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History of York County Pennsylvania From the Earliest Time to the Present online

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married March 9, 1815, to Catharine, second daugh-
ter of John Swope, and in the spring of 1816 suc-
ceeded his 'father in business at the old stand,
which he continued eleven years, and in 1837 retired
to private life. He took great interest in all the
movements that were then made for the advance-
ment of the educational, spiritual and material
interests of his native town. He with several
others were instrumental in establishing the first
Sunday-schools in Hanover, and after very deter-
mined opposition, succeeded in putting the common
schools in operation in Hanover during the year
1835. He was very much interested in the question
of railroad connections to his native town. When
the construction of the York, Wrightsville &
Gettysburg Railroad was projected, he used all his
powers to have it pass through Hanover. He
heartily encouraged the building of the Hanover
Branch Railroad, was the heaviest subscriber to its
stock, and was a member of the board of managers
for many years. He was for a long time a director
in the bank of Gettysburg, the Hanover Saving
Fund Society and was president of both turnpikes
that extended from Hanover. He died in the spring
of 1859, aged about seventy years, leaving a widow,
who died in 1876, six daughters and one son (Henry)
to survive him. Henry Wirt, son of Henry and
Catharine (Swope) Wirt, was born in Hanover Feb-
ruary 33, 1837. He received his education in the
schools of his native town. Early in life he entered

his father's store and at the age of twenty years be-
gan the mercantile business for himself, which he
continued until 1850, when he retired from active
business. He has served as chief burgess of Han-
over two terms, secretary and director of the
Hanover Branch Railroad Company, president of
the Hanover Saving Fund Society for eight years,
and in the year 1885, is a director in the National
Bank of Gettysburg, director of the Hanover Saving
Fund Society, a charter member and director in the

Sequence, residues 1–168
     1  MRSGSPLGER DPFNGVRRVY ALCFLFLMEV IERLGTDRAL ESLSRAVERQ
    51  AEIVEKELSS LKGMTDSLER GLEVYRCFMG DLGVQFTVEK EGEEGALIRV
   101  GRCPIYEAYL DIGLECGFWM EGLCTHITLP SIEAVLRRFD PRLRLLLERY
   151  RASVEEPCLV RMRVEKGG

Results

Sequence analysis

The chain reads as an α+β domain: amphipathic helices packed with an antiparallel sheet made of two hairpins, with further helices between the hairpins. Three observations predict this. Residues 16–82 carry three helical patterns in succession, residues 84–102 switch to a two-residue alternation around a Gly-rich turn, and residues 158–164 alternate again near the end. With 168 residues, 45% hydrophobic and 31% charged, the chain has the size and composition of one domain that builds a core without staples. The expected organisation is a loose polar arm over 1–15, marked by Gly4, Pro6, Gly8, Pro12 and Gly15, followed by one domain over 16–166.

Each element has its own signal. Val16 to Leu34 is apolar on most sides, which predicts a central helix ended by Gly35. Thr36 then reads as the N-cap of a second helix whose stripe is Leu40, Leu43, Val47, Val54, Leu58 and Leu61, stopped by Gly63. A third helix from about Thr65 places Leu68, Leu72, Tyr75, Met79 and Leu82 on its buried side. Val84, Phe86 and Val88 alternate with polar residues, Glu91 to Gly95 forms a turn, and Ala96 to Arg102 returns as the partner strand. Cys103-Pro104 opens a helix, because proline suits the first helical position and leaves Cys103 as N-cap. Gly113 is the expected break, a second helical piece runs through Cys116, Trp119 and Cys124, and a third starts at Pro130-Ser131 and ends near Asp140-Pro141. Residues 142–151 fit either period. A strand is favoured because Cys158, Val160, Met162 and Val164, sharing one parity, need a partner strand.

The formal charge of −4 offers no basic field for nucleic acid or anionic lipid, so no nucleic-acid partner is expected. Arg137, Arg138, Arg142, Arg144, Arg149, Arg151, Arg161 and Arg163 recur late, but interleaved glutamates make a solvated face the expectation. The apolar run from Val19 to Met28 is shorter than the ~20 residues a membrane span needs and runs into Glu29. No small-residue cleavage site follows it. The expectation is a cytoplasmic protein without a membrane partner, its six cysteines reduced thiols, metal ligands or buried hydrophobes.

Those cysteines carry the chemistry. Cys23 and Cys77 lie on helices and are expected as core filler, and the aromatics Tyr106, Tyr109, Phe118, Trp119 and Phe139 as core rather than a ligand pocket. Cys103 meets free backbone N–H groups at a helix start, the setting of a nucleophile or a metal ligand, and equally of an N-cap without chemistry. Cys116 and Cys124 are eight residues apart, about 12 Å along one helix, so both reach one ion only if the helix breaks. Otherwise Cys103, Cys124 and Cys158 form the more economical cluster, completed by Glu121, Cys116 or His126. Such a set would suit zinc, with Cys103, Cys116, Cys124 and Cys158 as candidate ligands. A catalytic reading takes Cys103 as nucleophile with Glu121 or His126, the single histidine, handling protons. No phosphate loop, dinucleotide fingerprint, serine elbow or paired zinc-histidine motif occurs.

Hanover Water Company, secretary of the Berlin &
Hanover Turnpike Company, president of the
Hanover & Maryland Line Turnpike Company and
a member of the board of trustees of Franklin and
Marshall College at Lancaster, to which institution
he recently gave the first |5,000 toward creating an
additional professorship in the theological depart-
ment of that institution. Mr. Wirt was about
fifteen years a member of the school board of his
native town, and while serving in that office, was
constant and earnest in his efforts to advance the
cause of public education. He was married October
36, 1854, to Louisa, daughter of Mathias N. Forney,
who was a prominent citizen of Hanover and one
of the projectors of the Hanover Saving Fund
Society. Mrs. Wirt's mother, Amanda (Nace)
Forney, was the daughter of George Nace, also
a prominent and influential citizen. Mr. and Mrs.
Wirt are members of Emanuel Reformed Church
of Hanover, of which he has been elder for sixteen
years. Jacob Wirt, second son of Christian and
Catharine Wiit, was born February 34, 1801. He
began the dry goods and general merchandise busi-
ness for himself in 1837, succeeding his brother, at
his father's stand, and continued at the same place
eleven years. He then engaged in the lumber and
coal business for a short time. When the Hanover
Branch Railroad Company was organized, in
November, 1849, he was chosen its president, served
one year and then resigned. He was elected a
director of the same corporation in 1860, and con-
tinued until 1865. For a number of years he was
president of the Hanover Saving Fund Society,
which position he held until his death, and was
recognized as an excellent financier. In politics he
was a Whig originally, and afterward a stanch Re-
publican. He was an ardent supporter of all enter-
prises that contributed to the welfare of his native
town. He was a member of the Reformed Church.
Mr. Wirt was married to Amelia Danner, November
20, 1837, and died November 8, 1869. Their chil-
dren were Emma C, born May 38, 1829 (married to
Dr. John A. Swope, of Gettysburg and now the
representative in congress from the district to
which York County belongs), deceased; Alexander
Christian, born November 13, 1831, deceased;
Jacob, born February 38, 1834, deceased; Eliza
Ann, born May 10, 1836 (married to George W.
Forne}^ of Hanover; they have two children, J.
Wirt and Nettie A.); Martha, married to Albert Bar-
nitz, of York (he died leaving two children: J.
Percy and Emma W. Mrs. Barnitz lives in Han-
over); Danner, born October 21, 1840, deceased;
Reuel, born July 30, 1843, deceased; Calvin Clay,
born April 13, 1844 (engaged in banking business in
Baltimore; married Miss Ellen Buehler, of that
city, and returned to Hanover. He died at the
age of thirty years); Florence Amelia, born
March 29, 1846, deceased. Robert Millard Wirt,
the youngest son of Jacob and Amelia Wirt,
was born January 16, 18.53. Attended the schools
of Hanover and afterward Pennsylvania Military
Academy, at Chester, Penn. He was mamed June
34, 1875, to Miss Bertha B. Barnitz, daughter of Dr.
C. S. Barnitz, of Middletown, Ohio. They have
three children: Amelia D., Charles B. and Robert
0. Mr. Wirt and family are members of the
Reformed Church. He is a director of the Hanover


Saving Fund Society, secretary of the Hanover
Junction, Hanover & Gettysburg Railroad, secre-
tary and treasurer of ttie Hanover Water Company
and treasurer of the Baltimore & Hanover Railroad

FREDERICK W. WOLFF, a musician of some
note and a resident of Baltimore, Md., was born in
Hauover, Penn., November 17, 1858, and is the
only son of Philip C. and Susanna (Snyder) Wolff,
of York County. The father, a German by birth,
engaged in the manufacture of bucksliin gloves at
Hanover about 1833, and continued the same until
his death in 1883. The mother, of English descent,
is also a resident of Baltimore. .Frederick W. be-
gan the study of music, vphen quite young, at
Hanover, where he remained until twelve years of